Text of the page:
Left Meets Right- Positive Thought and Action

As you may recall from my last entry, The Ant and the Elephant by Vincent Poscente played a large role in my research for my novella. Brio, the wise old owl, taught Adir, the ant, may lessons on being a leader. One of these lessons was as soon as you attach a specific, emotionally-charged thought to a gold dot, you will be sending clear, strong signals to your teammate (page 71)

Four years ago while writing Left Meets Right, I tried to create this principle of teamwork into my story in the form of character traits. On March 5, 2005, I wrote the following in my journal:

I am intrigued with the concept of imagining a gold dot, attaching positive thoughts to it, then sending it to my teammate(s)…does this imply that I am trying to manipulate my teammate into doing things the way I want them done, or does it mean that I am simply bringing my own positive light to the work situation? I guess that would depend upon what my true motivation is for sending a gold dot to anyone. I know that I will be working these antidotes into my story and create my protagonist with an attitude consisting of the above qualities (not all, but most, she can’t be perfect or else the reader will get bored; or, in the case of my presentation, the audience will get bored.)

I find that the gold dot principle is important in all aspects of my writing life as well. Teamwork includes participating in writing groups/clubs, creating conferences, volunteering and bringing my most positive self to the writer’s club meetings. I also see the gold dot as my creative project, whether it be fiction or nonfiction. When I put my own emotion, dedication, creativity, and hard work into my writing, I send the clear message to editors, publishers and readers that I am serious about my craft. I make sure my product is complete and polished before it makes it into the hands of the first reader, publisher or editor.

For anyone who has not read Poscente’s book, I highly recommend it. Along with On Writing by Stephen King and Zen in the Art of Writing by Ray Bradbury. And do not forget to attach positive messages to your creative process. Keep writing!

6 thoughts on “Left Meets Right- Positive Thought and Action

  1. Hi Susan. Thank you for sharing your words of wisdom with us. Great blog–very informative. I would like to ask you a question:

    I love to write, but I have no idea which way to go. Do I pursue fiction or nonfiction? Do I write articles, short stories or essays? I have this fear of just writing and hiding my works, which could be hidden for generations. I have various writings (on diskettes, notebooks and folders tucked away) that go far back as 16 years ago. I'd like to continue writing new things and refining my old materials; submit these works; overcome the rejections; improve my writing and eventually publish. Any advice on determining a clear pathway–subject to detours and various turns–will be graciously appreciated.

    Thank you Susan for reaching out and inspiring us.


    PS. I work full time in the “real world” too. I'm also reading the books you recommended, On Writing by Stephen King and Zen in the Art of Writing by Ray Bradbury–very powerful reading so far.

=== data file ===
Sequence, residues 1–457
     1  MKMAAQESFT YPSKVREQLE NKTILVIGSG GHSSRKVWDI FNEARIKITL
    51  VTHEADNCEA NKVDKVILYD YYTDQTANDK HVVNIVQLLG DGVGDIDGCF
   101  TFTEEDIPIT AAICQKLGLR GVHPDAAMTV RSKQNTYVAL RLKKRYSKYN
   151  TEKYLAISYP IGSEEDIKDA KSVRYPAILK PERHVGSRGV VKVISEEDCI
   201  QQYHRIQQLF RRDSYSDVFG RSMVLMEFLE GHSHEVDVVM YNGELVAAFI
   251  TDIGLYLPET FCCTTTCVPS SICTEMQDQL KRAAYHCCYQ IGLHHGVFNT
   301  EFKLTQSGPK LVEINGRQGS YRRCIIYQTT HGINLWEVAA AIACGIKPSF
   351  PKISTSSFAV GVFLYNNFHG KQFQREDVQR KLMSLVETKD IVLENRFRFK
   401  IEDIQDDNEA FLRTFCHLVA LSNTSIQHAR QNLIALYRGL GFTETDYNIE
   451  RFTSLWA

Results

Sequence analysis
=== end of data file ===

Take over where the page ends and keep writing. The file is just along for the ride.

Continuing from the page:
2. Hi Janet,

    Thank you for visiting my blog! What kinds of things do you like to write? What have you written? What kind of books do you like to read? I can only advise to read, read, read and write what you like to read. Some people write fiction, others nonfiction, some both! I think you just have to find your niche, which comes from experimenting with writing.

    I am glad you are reading the two books I recommended. Both King and Bradbury are brilliant and wonderful writers. Their advice is solid.

    I know all about have a day job and writing when I'm not working. You know, King was a teacher for many years while writing at night. It can be done, it just takes a lot of perseverance.

    Another thing I would recommend is checking your area for Writers Clubs. I joined one about two years ago. Redwood Writers (a branch of the California Writers club) has meetings once a month with speakers who are well established in the writing and publishing business. You also meet other writers and establish some great relationships.

    Finally, I would suggest taking that 16 years of writing, work on your pieces until they are the best that you can make them, study the markets and submit. Submit until they are either sold or you have nowhere to submit. Unfortunately, rejection is a part of the writing life. It's just the way it is.

    Hang in there and happy writing!


  3. Great advice. I'm almost done with the Zen book and I'm reading Stephen King's book. His childhood experiences are hilarious!

    I will definitely keep reading and writing. Now I feel the need to find a writing group that's a good fit for me. I'd love to take a writers digest class. I've taken them before, but they do require a good chunk of money and I am no longer using credit cards so I need to find something that is more humbly priced if I take the class route. Again any advice on classes and groups are appreciated. I will begin my search via the internet in the meanwhile. Have a great and productive day.



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